Placebo Tests for Casual Inference
Delivered via Zoom
Estimates of treatment effects using observational data can be biased due to confounding, model misspecification, and other reasons. A placebo test offers a complementary diagnostic for evaluating these threats to inference by checking for a relationship that should be found in the data if the main estimates were biased, but should be absent otherwise. Drawing on a comprehensive survey of recent empirical work in political science, this paper defines placebo tests, introduces a typology of tests, and analyzes what makes them informative (both in ideal and non-ideal circumstances). We discuss examples of placebo tests that effectively address different types of bias; we also point out tests and types of tests that we argue are largely uninformative, and we highlight the problem of null hacking in the design of placebo tests.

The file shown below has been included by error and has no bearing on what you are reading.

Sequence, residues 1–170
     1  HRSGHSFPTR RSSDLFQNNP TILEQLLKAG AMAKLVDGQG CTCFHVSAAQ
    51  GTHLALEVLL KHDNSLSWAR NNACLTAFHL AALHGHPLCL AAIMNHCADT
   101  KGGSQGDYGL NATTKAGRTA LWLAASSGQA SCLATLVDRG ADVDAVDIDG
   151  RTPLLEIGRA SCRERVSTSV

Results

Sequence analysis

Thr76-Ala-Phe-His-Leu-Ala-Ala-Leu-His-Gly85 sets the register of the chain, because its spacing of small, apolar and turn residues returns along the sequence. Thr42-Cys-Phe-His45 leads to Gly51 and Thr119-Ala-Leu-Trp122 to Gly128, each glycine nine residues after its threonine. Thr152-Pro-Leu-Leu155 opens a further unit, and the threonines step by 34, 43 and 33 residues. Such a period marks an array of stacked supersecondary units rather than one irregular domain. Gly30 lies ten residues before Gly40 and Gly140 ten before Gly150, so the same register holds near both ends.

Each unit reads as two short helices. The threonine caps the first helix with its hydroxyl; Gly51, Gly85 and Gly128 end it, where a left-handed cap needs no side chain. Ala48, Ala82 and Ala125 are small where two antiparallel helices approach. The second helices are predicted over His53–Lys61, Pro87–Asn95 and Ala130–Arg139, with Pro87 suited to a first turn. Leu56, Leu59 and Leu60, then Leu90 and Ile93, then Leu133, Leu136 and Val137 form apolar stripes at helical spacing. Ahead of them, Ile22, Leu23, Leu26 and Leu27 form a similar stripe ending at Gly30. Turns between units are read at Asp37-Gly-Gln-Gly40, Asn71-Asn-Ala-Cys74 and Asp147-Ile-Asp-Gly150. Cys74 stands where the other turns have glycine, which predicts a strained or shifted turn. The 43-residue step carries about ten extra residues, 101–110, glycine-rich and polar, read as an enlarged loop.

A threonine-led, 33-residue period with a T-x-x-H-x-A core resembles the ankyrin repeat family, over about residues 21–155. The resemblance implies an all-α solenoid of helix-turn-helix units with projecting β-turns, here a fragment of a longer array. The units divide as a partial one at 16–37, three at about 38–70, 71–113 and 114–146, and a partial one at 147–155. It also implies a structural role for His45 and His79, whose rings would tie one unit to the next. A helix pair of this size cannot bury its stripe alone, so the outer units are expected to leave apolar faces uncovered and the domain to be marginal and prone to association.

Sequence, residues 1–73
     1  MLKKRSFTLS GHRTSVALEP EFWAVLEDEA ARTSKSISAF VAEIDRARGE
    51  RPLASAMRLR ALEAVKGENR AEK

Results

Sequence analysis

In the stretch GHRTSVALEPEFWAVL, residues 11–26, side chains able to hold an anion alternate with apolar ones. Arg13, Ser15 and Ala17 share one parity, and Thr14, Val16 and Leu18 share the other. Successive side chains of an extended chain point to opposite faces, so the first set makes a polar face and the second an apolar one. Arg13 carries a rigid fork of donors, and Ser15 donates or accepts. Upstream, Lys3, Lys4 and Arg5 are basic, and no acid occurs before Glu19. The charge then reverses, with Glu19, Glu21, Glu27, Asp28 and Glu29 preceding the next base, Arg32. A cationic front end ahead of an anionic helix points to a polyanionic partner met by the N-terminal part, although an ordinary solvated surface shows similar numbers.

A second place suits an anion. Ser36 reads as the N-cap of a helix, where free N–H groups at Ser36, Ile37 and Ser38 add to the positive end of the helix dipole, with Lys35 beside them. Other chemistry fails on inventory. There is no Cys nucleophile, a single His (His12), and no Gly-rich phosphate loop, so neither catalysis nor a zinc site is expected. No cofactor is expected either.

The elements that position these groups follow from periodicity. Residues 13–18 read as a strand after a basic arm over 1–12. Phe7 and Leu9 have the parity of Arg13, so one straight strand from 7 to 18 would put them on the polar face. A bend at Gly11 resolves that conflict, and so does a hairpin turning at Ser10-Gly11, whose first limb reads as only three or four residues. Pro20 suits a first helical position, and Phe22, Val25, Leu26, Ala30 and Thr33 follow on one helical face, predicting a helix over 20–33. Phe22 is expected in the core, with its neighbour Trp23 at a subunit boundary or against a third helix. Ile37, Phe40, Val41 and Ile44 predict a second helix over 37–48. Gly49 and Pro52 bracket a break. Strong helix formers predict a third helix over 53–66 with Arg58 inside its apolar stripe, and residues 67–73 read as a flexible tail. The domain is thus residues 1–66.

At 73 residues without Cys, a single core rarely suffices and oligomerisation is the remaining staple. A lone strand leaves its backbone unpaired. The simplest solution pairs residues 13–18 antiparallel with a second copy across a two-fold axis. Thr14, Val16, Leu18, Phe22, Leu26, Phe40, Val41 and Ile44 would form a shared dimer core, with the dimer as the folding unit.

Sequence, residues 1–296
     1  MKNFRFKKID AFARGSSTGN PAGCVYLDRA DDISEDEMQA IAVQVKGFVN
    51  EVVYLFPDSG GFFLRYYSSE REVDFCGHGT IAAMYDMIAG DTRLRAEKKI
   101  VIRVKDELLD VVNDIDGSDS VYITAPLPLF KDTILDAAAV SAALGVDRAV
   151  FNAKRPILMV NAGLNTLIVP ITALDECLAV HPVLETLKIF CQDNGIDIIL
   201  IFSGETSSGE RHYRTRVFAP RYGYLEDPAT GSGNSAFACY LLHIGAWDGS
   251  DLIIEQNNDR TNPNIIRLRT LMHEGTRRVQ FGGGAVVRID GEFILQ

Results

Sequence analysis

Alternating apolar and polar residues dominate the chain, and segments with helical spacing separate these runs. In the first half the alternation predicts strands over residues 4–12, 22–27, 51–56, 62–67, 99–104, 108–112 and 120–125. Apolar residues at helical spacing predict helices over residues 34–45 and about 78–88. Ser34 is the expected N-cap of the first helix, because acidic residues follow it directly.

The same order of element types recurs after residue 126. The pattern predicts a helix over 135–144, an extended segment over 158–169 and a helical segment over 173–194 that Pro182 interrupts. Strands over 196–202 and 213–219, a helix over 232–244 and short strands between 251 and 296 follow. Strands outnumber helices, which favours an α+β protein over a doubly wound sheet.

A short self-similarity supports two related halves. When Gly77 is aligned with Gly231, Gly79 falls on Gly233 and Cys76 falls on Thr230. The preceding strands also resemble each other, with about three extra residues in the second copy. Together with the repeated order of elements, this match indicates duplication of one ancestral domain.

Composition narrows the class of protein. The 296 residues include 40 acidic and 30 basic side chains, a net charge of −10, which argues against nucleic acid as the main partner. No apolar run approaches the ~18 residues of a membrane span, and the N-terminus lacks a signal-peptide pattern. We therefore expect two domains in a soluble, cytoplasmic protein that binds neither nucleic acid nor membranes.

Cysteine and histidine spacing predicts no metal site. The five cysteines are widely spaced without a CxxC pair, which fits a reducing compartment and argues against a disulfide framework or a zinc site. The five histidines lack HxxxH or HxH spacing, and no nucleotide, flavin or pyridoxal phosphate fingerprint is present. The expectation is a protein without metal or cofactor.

Date: 8 May 2020, 12:15 (Friday, 2nd week, Trinity 2020)
Venue: Zoom
Speaker: Andy Eggers (University of Oxford)
Organising department: Department of Politics and International Relations (DPIR)
Organisers: Dr Radoslaw Zubek (University of Oxford), Professor Petra Schleiter (University of Oxford), Dr David Doyle (University of Oxford), Nelson Ruiz (University of Oxford)
Part of: Politics Research Colloquium
Booking required?: Not required
Audience: Members of the University only
Editor: Hannah Vinten